In her father’s church

Charissa King-O'Brien wedding

Charissa King-O’Brien married her partner in the Long Island church where her father is pastor. In documenting her journey, she redefined her views of the “f word.”

Charissa King-O’Brien, whose film In My Father’s Church will kick off the Sixth Annual F-Word Film Festival at UNCA, never considered her work “feminist.” But as she grappled with the label last week — while caring for her flu-ridden partner and nine-month-old twin daughters — she began to develop her own definition of feminism and how she practices it.

“I’ve been thinking about how being a mother is one form of being a feminist,” King-O’Brien says. “Securing a better place for my daughters so that they are treated equally and fairly when they are older is what feminism means to me.”

Ironically, when King-O’Brien first came out to her parents, they fretted that she would never have children.

“My mother thought she wouldn’t have grandchildren,” says the filmmaker, whose girls were born on her fourth wedding anniversary.

She recorded her parents’ concerns in In My Father’s Church, which documented her desire to wed her partner Kelly in the Long Island church where her father served as pastor. Although her father always privately supported her relationship, his participation in the ceremony was complicated by Methodism’s official stance against same-sex marriages. King-O’Brien was reluctant to reveal the film’s ending, but called the wedding “a great moment.”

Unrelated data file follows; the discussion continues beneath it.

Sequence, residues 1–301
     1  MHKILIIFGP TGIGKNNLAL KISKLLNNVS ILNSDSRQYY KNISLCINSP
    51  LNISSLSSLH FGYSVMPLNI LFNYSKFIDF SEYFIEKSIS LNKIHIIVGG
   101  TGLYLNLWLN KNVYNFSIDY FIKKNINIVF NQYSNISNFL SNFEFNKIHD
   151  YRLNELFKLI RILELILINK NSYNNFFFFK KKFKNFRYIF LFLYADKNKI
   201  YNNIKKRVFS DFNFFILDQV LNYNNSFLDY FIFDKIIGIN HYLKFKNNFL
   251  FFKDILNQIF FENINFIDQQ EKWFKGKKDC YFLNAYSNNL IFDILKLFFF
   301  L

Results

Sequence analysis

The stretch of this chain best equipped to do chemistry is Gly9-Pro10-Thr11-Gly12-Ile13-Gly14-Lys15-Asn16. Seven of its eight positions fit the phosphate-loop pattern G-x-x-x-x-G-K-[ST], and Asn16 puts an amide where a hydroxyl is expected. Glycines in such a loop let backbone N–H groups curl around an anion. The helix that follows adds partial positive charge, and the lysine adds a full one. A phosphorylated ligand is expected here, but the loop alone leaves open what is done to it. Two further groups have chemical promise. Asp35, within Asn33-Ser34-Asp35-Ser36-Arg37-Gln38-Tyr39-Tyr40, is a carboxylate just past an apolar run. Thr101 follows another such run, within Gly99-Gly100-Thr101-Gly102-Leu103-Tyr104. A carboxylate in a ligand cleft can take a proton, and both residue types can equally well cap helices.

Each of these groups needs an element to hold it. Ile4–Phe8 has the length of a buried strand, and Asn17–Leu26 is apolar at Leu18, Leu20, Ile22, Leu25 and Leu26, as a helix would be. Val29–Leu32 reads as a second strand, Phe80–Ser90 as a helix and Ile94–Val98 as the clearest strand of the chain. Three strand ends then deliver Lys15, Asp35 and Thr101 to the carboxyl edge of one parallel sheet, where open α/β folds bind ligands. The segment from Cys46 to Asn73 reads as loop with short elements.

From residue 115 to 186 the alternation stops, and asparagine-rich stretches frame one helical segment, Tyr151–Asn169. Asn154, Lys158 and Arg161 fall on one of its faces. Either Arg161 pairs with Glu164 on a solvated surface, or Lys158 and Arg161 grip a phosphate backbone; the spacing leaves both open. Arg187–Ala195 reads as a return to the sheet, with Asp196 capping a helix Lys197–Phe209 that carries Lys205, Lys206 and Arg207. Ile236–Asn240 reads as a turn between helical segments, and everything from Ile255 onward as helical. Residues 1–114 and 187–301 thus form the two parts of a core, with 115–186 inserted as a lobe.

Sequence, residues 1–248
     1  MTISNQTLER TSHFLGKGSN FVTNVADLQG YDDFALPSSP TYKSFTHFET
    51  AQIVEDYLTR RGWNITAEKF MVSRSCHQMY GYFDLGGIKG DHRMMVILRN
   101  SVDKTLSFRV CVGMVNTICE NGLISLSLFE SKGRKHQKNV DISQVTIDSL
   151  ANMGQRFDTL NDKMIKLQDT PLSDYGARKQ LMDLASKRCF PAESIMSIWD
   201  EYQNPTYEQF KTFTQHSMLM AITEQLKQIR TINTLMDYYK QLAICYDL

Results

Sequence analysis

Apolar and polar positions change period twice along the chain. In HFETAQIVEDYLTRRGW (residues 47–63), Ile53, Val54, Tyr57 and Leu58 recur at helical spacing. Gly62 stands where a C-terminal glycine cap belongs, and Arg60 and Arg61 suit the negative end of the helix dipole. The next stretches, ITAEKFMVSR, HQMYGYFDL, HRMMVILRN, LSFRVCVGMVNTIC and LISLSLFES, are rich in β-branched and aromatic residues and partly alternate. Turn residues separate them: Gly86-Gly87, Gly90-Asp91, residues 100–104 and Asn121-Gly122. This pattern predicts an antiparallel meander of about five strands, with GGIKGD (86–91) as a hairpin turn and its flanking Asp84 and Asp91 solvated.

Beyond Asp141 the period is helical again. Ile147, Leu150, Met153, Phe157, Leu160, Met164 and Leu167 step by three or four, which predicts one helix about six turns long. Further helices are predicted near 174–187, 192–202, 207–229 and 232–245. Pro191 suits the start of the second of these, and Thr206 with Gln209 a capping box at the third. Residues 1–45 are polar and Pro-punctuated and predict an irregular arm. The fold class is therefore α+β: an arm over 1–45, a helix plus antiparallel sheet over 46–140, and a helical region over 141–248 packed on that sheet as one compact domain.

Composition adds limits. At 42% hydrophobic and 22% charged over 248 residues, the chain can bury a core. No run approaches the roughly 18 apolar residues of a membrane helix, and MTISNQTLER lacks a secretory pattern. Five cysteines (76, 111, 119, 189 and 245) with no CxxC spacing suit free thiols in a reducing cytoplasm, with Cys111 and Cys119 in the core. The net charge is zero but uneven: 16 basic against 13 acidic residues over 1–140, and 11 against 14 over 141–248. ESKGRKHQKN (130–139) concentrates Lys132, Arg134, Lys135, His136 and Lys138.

Now an MFA student at the School of the Art Institute of Chicago, the filmmaker says making the movie allowed her to explore issues she might have avoided if the demands of documentary filmmaking hadn’t nudged her to ask tough questions. Safely behind the camera, she felt comfortable confronting Kelly’s mother when she referred to the planned nuptials as “a wedding, but not quite.”

“People were honest within the film,” King-O’Brien hints.

She’s now working on a film about fertility and the moon.

“It’s a nice piece to broaden one’s perspective, because I’m not really leaning toward one point of view.”


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